I’m looking forward to hearing from you. Please make use of this resource. I still suffer from learning code ‘the old way’!

    73 de AA1IK

    Ernest Gregoire

  • Bill, W5NI:

    Yes, using Morse code can be great fun. It’s just another language; actually it is probably the first method of ‘digital communication’ via optical, landline or wireless. A single digit, the extended middle digit in an upraised position, nearly universally communicates a wealth of meanings in quite a number of other languages.

    It is amazing how many ways one can learn the Morse code. No one method will be best for everyone, but some may be better than others. The ideas that have been presented here all have their good and not so good points. I’ve taught code for a lot of years, and I also learned it the hard way because I had no qualified instructor nor instructions. My mother sent code to me using a hacksaw blade and thumbtack key, a battery and a doorbell buzzer, and she had no knowledge of Morse code other than she could read a code sheet enough to make up some words, and it took me a year to get to five words per minute and get a Novice license in 1953. I had to learn it at 5wpm, and relearn it at 13wpm, and again at 20wpm and I had more frustrations than I care to relate to here. Due to my poor learning methods, I’ve never been what I would consider a great CW operator, but I can manage to get some good out of listening to a 40wpm conversation on a good day even though my sending is getting pretty rusty anymore. Here is my humble opinion, and I don’t consider it better or worse than anyone else’s, nor is it worth any more than I charged you for it.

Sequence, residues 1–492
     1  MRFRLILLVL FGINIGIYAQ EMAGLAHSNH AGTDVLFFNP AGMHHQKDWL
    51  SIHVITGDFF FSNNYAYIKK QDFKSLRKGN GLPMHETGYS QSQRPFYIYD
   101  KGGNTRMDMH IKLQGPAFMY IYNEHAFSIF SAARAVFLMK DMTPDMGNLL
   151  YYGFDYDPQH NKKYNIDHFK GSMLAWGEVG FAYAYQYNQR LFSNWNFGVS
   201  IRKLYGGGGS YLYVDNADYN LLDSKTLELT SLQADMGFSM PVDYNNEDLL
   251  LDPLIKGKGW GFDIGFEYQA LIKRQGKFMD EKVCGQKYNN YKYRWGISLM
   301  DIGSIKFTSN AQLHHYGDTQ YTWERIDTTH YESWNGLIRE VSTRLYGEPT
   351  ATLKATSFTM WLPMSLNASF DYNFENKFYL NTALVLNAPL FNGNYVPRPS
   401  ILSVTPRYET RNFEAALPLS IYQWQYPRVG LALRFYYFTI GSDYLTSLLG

First of all, you should determine what you want or need to do with your new found language experience. If you are going to copy code for absolute accuracy, the old military method of learning and typing five character groups is excellent. Accuracy is very necessary since most of this data is encrypted into five character groups and if you miss a character or two you may not be able to decode the actual message being sent and get people killed. The skill and ability to ‘touch type ‘and ‘copy behind’ is really helpful. Generally, most traffic handling requires more accuracy than normal conversation.